We want people to spot the other Viking finds in the archaeology gallery. We’ve got some in the same treasure case and in another one round the corner. A well-known Viking pendant was excavated locally in the 19th century.

To add to that we’ve got a number of examples of Viking coins from the Ashton area, just north along the Cambridgeshire border. Now we’ve got a silver ingot from west of the district, near the Hertfordshire border, a gold ring from east, in Thaxted, and a silver formed hammer pendant from the south of the district, The Rodings.

A photo of a gold Viking archaeological ring
(Left to right) Tony Watson, the Museum Society Chairman, curator Carolyn Wingfield and Ken Baker, the Custodian of Thaxted Guild Hall© Saffron Walden Museum
All these metal detectorist finds are gradually filling out a picture of where there’s been a bit of Viking activity, or at least where Viking objects have ended up. You’re never quite sure what’s going to come up next.

Obviously we’re still only dealing with a very small number of finds compared to, say, the Saxon and Viking gallery in Norwich Castle, where you’ve got a fantastic array of stuff from right across the county. But we have a lot of agricultural lands in north-west Essex which are obviously open to detectorists.

I’m interested in seeing what turns up next from this period because there’s very little in the historical sources and what there is mostly covers the big military campaigns. This is giving us a different view of life and there may have been more casual commerce and even a bit of settlement, or at least travelling or foraging across the district by groups of Vikings.

You can’t extrapolate too much from what is still a handful of random finds but it’s giving us a nice picture. With the rings and little ingots we’ve now got examples of all the little types of bullion that they wore and used for trading."

Scandinavians in the south

  • Viking raids in the ninth century led to military campaigns, settlements and Vikings taking control of most of the Anglo-Saxon kingdoms.

  • Only Wessex held out, under the leadership of Alfred the Great, who made a treaty with Guthrum the Viking leader. Alfred’s successors gradually re-asserted Saxon control across the rest of England.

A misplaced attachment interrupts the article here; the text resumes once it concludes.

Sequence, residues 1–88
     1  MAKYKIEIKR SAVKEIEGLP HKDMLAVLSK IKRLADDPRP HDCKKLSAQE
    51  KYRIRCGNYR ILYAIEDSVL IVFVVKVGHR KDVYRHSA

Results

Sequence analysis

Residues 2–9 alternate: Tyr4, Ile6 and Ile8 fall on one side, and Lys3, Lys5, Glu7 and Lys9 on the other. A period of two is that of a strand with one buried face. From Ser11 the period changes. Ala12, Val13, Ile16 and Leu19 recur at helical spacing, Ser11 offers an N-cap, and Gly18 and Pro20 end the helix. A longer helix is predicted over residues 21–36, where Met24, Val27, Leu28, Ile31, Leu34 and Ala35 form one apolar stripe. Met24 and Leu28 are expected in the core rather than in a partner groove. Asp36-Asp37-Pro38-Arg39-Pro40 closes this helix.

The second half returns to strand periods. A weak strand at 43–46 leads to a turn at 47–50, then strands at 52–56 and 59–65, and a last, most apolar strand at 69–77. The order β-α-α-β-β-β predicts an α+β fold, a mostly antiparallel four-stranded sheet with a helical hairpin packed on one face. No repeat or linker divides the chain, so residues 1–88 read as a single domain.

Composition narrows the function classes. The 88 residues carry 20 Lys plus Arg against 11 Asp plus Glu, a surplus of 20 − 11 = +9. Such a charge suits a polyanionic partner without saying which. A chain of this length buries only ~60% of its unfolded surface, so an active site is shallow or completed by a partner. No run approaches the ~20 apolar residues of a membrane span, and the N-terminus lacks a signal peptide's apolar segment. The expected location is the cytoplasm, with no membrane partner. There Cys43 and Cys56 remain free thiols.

• Essex was just within the Danelaw in about AD 900. But historical sources from that time contain only occasional references to events in Essex.

  • From the late tenth century, England was subjected to a new wave of Viking attacks, this time a military campaign mounted by Sweyn Forkbeard, king of Denmark, and his son Cnut (‘Canute’), who succeeded to the throne of England in 1016.

The ring will be on display as object of the month at the museum from Saturday (January 9 2016). Open 10am-4.30pm (closed Monday, 2pm-4.30pm Sunday and Bank Holidays); March-October open until 5pm (closed Monday).

What do you think? Leave a comment below.

Three museums and galleries to find out about Vikings in

JORVIK Viking Centre, York
Explore York's Viking history exactly where archaeologists found the remains of the original Viking-Age City of Jorvik. Journey through the reconstruction of Viking age streets as they would have been in the year 975 AD and see more than 800 of the items discovered on site.

National Maritime Museum Cornwall, Falmouth
Featuring nationally and internationally historically significant artefacts, the current exhibition, Viking Voyagers, explores what is behind the popular myth of the bloodthirsty raiders, what it meant to become a Viking and shows how their mastery of maritime technology was the secret to their success. Until February 22 2017.

Norwich Castle Museum and Art Gallery
The permanent Anglo-Saxon and Viking Gallery gallery tells the story of the fascinating period between the withdrawal of the Romans in 410AD and the 1066 Norman Conquest. Dangerous and turbulent, this was also the time when many aspects of modern day English culture took root – the word England derives from the name ‘Anglia’, the land of the Angles.
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For those with an interest in the Viking Age and wanting to see my private collection of Viking Age artefacts, see my website: I also write a regular blog about Viking Age artefaacts and monuments.